Joel Barlow

On this date in 1754, Joel Barlow was born in Redding, Connecticut. Educated at Dartmouth College and Yale, he served as a chaplain in the Revolutionary War. His edition of The Book of Psalms, issued in 1785, was widely used by the Congregationalists. Barlow, a liberal thinker, left the ministry, took up law and was admitted to the bar in 1786. As a writer and poet he was a member of the well-known “Hartford Wits.”

Barlow became a deist after traveling in France, according to C.B. Todd (Life and Letters of J. Barlow, 1886). Barlow’s claim to freethought fame was as counsel to Algiers, when he secured the release of prisoners and negotiated the Treaty with Tripoli of 1797, which stated that the U.S. was not a Christian nation. It was written in Algiers in Arabic and signed on Nov. 4, 1796. Barlow translated the treaty, which was ratified by the U.S. Senate on May 29, 1797.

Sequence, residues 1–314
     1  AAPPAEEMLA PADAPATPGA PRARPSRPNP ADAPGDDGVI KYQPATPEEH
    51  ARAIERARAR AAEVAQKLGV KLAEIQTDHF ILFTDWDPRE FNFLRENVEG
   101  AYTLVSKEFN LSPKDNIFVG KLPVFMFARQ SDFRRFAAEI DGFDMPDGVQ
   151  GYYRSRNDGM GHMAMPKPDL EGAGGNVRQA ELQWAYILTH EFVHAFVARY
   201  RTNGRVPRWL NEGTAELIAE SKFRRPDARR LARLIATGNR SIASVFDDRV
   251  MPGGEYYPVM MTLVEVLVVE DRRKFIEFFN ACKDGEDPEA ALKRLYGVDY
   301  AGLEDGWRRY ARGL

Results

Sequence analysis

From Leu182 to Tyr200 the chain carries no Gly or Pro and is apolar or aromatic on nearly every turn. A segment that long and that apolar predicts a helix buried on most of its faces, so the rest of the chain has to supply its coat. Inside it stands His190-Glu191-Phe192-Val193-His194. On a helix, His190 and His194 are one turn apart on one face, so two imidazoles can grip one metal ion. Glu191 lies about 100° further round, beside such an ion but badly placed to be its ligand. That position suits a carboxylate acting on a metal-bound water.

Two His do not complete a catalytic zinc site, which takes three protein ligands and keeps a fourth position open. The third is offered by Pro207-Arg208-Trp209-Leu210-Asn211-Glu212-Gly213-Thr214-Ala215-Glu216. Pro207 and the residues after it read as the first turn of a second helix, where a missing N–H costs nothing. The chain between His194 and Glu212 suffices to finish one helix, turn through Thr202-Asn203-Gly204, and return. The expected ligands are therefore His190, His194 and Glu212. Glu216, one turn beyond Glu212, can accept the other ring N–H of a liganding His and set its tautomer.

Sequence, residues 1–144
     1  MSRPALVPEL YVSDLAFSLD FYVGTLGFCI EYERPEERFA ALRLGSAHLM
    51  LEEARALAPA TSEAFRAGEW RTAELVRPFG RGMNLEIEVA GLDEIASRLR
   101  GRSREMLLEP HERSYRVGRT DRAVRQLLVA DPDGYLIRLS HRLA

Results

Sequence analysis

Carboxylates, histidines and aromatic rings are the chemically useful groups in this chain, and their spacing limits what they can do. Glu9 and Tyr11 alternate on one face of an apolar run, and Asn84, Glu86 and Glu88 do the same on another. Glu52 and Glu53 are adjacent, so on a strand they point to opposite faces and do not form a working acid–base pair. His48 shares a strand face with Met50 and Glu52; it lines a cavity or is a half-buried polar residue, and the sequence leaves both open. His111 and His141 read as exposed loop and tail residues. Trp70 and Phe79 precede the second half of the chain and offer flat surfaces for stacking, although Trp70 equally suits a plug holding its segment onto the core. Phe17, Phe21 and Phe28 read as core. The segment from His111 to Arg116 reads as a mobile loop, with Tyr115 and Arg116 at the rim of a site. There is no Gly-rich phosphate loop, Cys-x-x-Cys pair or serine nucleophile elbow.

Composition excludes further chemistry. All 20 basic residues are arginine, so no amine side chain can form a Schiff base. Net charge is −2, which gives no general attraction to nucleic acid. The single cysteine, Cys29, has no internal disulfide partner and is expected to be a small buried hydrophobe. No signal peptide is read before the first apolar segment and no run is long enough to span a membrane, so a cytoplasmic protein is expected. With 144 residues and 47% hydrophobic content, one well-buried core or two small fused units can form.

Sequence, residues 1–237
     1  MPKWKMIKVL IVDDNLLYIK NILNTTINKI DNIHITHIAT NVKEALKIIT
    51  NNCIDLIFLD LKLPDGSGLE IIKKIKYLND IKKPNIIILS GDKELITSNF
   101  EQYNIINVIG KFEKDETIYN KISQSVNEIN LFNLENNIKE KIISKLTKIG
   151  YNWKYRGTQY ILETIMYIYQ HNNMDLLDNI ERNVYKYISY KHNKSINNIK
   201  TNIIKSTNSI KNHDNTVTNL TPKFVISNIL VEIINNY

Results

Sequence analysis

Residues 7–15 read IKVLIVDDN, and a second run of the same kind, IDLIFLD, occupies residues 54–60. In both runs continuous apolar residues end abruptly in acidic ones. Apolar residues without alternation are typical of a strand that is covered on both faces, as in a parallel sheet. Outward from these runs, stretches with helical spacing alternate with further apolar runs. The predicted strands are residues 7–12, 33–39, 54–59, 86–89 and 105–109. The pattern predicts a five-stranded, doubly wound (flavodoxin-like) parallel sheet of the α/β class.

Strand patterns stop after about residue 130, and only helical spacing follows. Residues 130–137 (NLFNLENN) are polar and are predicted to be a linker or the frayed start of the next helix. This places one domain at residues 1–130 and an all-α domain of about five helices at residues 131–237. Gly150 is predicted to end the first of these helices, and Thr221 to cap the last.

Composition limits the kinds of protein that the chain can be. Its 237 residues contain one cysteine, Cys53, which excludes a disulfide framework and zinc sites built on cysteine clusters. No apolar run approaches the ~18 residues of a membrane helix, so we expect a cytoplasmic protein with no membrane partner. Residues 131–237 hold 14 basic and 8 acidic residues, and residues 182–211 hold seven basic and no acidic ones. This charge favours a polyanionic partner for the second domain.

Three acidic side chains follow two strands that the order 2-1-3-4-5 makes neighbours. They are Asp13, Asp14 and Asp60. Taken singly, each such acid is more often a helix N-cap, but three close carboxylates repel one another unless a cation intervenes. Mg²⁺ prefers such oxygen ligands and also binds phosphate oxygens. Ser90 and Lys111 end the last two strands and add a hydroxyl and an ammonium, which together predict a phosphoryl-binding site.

George Washington was president when the treaty was signed in Tripoli, but it was signed by John Adams. Barlow also befriended Thomas Paine and was responsible for getting Paine’s The Age of Reason published during his imprisonment in Paris. Barlow became U.S. ambassador to Napoleon’s court in 1811 and died in 1812 at age 58 in Poland while traveling to meet Napoleon during his retreat from Moscow.

Freedom From Religion Foundation